At the 2022 AAP National Conference & Exhibition, a professor from the Baylor College of Medicine discusses how to develop an approach to investigate menstrual disturbances for adolescent patients and understand treatment options.
One of the most valuable best practice tips that Catherine M. Gordon, MD, MS, FAAP, a professor of pediatrics, Baylor College of Medicine, Houston Texas offered during her session, “Irregular periods: what to do next?” was the discussion of making an early diagnosis of polycystic ovary syndrome (PCOS), the hormonal problems that cause an inconsistency in menstruation for teenagers. “Think about menstruation as a vital sign in adolescents,” she noted. “Variations in the normal pattern may have implications for overall health.”
While the normal menstrual cycle usually occurs when both breast and pubic hair development is Tanner stage 4 (12.5 years of age for most adolescents), it make take more than 2 years for that adolescent to become ovulatory.
Furthermore, Gordon explained, abnormal uterine bleeding (AUB) can be detected by a number of screening markers:
• Menorrhagia: prolonged/heavy uterine bleeding
• Intermenstrual bleeding (metrorrhagia): uterine bleeding that occurs at irregular intervals
• Menometrorrhagia: prolonged uterine bleeding occurring at irregular intervals
• Oligomenorrhea: uterine bleeding that occurs at prolonged intervals of 41 days – 3 months
• Polymenorrhea: uterine bleeding occurring at regular intervals of < 21 days.
There are a number of things that can cause AUB, including a lack of a single follicle becoming dominant (so no rise in progesterone), and the endometrium becoming excessively thickened and unstable. An important note: “The more prolonged an adolescent’s anovulation, the greater the risk of AUB,” says Gordon.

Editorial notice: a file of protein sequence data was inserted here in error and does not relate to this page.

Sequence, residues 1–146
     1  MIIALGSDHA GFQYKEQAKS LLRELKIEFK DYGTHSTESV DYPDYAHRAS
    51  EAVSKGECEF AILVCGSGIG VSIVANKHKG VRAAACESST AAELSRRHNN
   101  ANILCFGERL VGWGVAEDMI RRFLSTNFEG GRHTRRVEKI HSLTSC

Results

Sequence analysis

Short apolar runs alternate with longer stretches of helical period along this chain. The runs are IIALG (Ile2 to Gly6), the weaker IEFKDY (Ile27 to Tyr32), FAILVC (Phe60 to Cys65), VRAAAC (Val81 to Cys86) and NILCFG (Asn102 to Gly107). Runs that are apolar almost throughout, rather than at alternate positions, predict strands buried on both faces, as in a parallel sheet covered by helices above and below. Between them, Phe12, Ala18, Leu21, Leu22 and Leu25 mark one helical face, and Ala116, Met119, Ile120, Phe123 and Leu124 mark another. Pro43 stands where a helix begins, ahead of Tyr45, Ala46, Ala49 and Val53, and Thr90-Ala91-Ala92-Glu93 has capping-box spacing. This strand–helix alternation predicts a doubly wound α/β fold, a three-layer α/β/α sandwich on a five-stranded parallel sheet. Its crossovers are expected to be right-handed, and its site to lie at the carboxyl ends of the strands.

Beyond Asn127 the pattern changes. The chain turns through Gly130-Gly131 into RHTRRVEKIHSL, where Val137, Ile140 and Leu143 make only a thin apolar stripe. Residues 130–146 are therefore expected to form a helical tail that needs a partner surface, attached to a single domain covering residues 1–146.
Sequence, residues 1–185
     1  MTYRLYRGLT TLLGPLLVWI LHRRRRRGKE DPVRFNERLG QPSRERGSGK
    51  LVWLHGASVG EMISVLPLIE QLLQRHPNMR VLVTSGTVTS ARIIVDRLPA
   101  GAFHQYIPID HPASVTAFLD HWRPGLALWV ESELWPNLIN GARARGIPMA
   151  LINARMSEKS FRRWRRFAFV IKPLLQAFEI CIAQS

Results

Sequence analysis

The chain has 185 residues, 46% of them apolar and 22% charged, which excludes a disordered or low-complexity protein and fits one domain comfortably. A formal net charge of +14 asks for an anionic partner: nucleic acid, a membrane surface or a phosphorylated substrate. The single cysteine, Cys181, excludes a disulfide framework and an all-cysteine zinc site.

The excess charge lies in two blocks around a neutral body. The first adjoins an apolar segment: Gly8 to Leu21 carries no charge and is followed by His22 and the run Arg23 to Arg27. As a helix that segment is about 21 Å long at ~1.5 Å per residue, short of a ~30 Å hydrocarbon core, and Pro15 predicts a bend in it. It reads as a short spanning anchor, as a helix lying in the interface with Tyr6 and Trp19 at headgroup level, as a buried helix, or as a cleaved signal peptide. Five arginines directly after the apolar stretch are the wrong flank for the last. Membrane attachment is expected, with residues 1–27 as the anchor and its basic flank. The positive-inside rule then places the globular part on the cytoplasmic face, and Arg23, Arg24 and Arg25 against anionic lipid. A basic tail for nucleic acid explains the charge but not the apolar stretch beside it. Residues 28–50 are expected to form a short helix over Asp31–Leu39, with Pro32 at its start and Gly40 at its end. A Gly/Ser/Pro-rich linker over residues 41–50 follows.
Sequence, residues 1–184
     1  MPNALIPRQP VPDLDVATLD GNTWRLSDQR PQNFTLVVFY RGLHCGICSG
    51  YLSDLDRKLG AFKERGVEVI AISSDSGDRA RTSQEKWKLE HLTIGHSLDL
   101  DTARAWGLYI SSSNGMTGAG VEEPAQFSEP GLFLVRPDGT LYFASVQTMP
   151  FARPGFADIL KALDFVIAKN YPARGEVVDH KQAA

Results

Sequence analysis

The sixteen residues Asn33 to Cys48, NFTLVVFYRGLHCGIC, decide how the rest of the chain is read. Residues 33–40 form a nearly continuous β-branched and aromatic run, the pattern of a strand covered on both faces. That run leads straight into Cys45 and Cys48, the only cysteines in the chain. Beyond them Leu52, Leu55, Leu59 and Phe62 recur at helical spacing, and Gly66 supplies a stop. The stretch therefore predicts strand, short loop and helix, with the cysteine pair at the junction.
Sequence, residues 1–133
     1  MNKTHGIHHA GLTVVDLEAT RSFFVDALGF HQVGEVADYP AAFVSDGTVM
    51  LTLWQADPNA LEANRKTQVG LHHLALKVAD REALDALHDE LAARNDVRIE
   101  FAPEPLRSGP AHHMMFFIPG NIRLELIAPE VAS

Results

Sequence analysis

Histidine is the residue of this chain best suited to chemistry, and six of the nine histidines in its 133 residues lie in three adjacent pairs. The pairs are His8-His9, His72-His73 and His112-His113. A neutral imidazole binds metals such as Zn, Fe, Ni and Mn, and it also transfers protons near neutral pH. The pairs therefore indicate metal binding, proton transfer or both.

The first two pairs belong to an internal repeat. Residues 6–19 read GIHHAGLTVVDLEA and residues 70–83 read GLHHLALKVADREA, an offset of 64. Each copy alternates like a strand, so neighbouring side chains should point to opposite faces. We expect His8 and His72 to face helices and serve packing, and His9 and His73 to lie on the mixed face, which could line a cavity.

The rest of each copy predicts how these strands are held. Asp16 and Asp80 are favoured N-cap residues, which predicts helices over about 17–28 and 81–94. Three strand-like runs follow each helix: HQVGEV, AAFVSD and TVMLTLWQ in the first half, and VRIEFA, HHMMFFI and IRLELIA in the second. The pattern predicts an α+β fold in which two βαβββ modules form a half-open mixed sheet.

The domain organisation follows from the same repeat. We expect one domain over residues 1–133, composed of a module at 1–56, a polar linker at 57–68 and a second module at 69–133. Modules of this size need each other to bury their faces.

So how to diagnosis correctly? Determining if an adolescent’s menstruation is cyclic or acyclic is a good place to start. Normal cyclic intervals with heavy bleeding can point to a uterine issue, such as use of an IUD, or infection, foreign body, polyp, endometriosis, etc. Acyclicity, or a cycle of 45 days, usually have anovulatory AUB due to lack of negative feedback, and is associated with psychosocial problems, eating disorders, athletic competition, PCOS, ovarian insufficiency, endocrinopathies, and malignancy.
To correctly diagnose, Gordon reminds practitioners to take a complete family, endocrine, menstrual, and sexual history, a history of systemic illness (anemia, bleeding disorders, frequent nose bleeds, etc), and note use of all medications. “A menstrual calendar is an invaluable tool, can be completed by the patient, offers information, and can be tracked with phone apps,” noted Gordon.
For the diagnostic workup, Gordon recommends the following:
• Pregnancy test: urine (if +, follow w/ quantitative serum pregnancy test)
• CBC and ferritin: anemia, thrombocytopenia, and iron deficiency
• STI screening
• Thyroid function tests for all patients with moderate to severe menorrhagia • Coagulation screen: prothrombin time, vWF profile, blood group typing, etc.
• FSH, LH and testosterone: total and free
• Pelvic ultrasonography
• Endometrial biopsy generally NOT indicated in adolescents
Additionally, in treating these patients, both estrogen (to heal the endometrial bleeding) and progestins (to induce endometrial stability) are recommended. There are, however, “many modes of therapy,” Gordon says, “with the most common being monophasic oral contraceptive pills.”
Finally Gordon summarized her session with the following:
• One of many neuroendocrine abnormalities can lead to aberrant patterns
• Variations in the normal pattern may have implications for overall health in adolescents o May signify an underlying medical problem o Concerning implications for bone health
• Educate clinicians, patients and their parents: (21- 45 days is the normal cycle length).
And remember to report abnormal patterns to a primary care doctor.